Does Cyberterror Matter to Counterterrorists?By Larry Dignan | Posted 2005-09-07 Email Print
Modernizing Authentication — What It Takes to Transform Secure Access
Sure. But not enough to do a lot about it. In fact, it's more of a problem for you than the Department of Homeland Security.
An Al Qaeda operative hacks into a network of a multinational company, grabs sensitive data about internal operations, floods its network with fake queries, and knocks out an information system linking 20 key suppliers. Whose problem is it?
Sure, there's a Department of Homeland Security. Secretary Michael Chertoff restructured the agency in July to better protect Internet infrastructure. But Chertoff's main interest is addressing threats with "catastrophic consequences."
Cyberterrorism, simply put, doesn't top Chertoff's list. There have been no known cases where Al Qaeda has tapped into the information systems controlling power supplies, factories or telecommunications networks. The likelihood of an attack is low because of the knowledge and skill required, says Tamara Makarenko, senior analyst at risk manager Global Strategies Group. Meanwhile, it's unclear what damage cyberterrorism would cause. Terrorists want a high death count and a big bang that results in gory video. Hacking into an oil refinery may produce casualties, but a bomb in Times Square would better achieve the gore goal.
For your business, however, cyberterrorism has to be a top priority. Lax security could result in public-relations woe at the least and the extinction of your business at the worst. "Cyberterrorism would result in lost dollars and disruption for businesses, but that's not a DHS issue because no one dies and no serious loss has happened yet," says Arthur Hulnick, a professor at Boston University and former agent of the Central Intelligence Agency.
So if cyberterrorism isn't priority one for Homeland Security, why should you worry about it? Companies collectively control 85% of the nation's critical infrastructure, such as power grids, telecommunications plants and water facilities. You're the first line of defense.
The good news? By following proper information security procedurescutting off passwords when employees leave, minimizing critical information connected to the Internet, monitoring your network and putting one person in charge of cybersecurityyou can hamper cyberterrorism, says Michael Gibbons, vice president for federal security solutions at Unisys and a former computer crime investigator for the Federal Bureau of Investigation.
"The protections are the same whether it's cyberterrorism, corporate and economic espionage or other external threats," Gibbons says.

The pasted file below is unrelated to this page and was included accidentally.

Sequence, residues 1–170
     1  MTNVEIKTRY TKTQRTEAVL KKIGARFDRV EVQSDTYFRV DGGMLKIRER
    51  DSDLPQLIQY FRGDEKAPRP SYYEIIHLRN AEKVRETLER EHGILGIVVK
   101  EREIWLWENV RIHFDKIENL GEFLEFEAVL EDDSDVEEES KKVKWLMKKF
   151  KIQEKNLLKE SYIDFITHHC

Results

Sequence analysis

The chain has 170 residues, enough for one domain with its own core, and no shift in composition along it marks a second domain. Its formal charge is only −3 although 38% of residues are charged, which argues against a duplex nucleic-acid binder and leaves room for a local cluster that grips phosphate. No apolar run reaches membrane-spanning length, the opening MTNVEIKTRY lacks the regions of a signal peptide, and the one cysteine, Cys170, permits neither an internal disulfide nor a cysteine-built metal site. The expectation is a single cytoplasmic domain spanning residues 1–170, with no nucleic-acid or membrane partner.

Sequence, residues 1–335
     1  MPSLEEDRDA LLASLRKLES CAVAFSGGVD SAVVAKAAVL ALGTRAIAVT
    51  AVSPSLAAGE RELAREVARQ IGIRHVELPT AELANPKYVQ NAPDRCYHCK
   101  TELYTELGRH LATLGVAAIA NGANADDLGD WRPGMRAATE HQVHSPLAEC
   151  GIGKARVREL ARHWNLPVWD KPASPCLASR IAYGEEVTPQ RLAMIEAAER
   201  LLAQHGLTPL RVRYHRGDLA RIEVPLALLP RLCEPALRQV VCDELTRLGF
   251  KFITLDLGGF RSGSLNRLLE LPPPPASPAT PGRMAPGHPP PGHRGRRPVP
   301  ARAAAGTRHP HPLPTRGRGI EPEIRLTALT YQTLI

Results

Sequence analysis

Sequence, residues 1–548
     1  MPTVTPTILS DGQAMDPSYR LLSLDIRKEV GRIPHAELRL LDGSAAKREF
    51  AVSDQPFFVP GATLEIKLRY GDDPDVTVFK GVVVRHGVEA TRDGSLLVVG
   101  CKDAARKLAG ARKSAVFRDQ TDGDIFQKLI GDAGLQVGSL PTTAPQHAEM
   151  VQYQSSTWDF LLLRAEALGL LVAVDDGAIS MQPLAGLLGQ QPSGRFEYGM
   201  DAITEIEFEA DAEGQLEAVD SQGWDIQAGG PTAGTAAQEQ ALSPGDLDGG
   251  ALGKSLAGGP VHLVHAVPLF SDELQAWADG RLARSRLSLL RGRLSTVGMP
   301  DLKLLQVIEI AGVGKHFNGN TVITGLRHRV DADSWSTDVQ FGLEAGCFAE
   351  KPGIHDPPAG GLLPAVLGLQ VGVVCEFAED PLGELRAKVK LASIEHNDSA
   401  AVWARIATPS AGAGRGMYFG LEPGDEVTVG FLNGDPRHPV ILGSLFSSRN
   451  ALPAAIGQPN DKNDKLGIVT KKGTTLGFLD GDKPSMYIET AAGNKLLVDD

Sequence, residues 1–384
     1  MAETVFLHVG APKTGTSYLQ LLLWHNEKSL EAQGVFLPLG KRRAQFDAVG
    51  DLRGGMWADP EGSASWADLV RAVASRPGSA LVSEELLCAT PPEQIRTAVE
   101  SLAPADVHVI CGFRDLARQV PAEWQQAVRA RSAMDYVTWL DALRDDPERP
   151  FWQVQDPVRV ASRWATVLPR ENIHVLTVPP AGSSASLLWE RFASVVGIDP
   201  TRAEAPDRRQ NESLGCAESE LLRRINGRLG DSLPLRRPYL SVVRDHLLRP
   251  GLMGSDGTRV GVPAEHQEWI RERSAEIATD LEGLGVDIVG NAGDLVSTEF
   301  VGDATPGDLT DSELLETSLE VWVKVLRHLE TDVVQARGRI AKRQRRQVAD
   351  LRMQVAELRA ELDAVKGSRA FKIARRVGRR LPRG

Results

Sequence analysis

But those protections are just a start. What's really required is some DHS-like thinking. According to Makarenko, companies need to identify potential enemies internally and externally. Do you truly know there isn't a terror cell in your technology department? Are you a target for an antiglobalization group? How do you know terrorists aren't studying you? "You can never eliminate 100% of the threats, but you need to remain cognizant of groups that may target you," Makarenko says.
First, look inside. Conduct background checks on your current staff. Look back at criminal, driving, education and credit records. Verify they are who they say they areand make sure there are no unexpected red flags such as a criminal record overseas. It won't come cheap. A background check based on public records and interviews would cost $4,000 to $5,000 per worker. If that check went beyond U.S. borders, the fee could run as high as $10,000 to $15,000.
Then, look outside. One way to monitor the activities of individuals you can't see is to hire a firm such as Counterpane, which monitors the safety of the Internet. A Fortune 500 company might pay roughly $100,000 a month to monitor outsiders probing your network, intrusion detection system and firewalls, depending on the scope of the devices covered, says Doug Howard, vice president of service delivery at Counterpane.
Those procedures can be complemented by a little paranoia. "It's a cultural change to ask 'who is an adversary of the company?'" Makarenko says. "But if you know the scenarios where you're most vulnerable, you'll be able to plan."
Larry Dignan is news editor of Baseline magazine. He can be reached at firstname.lastname@example.org.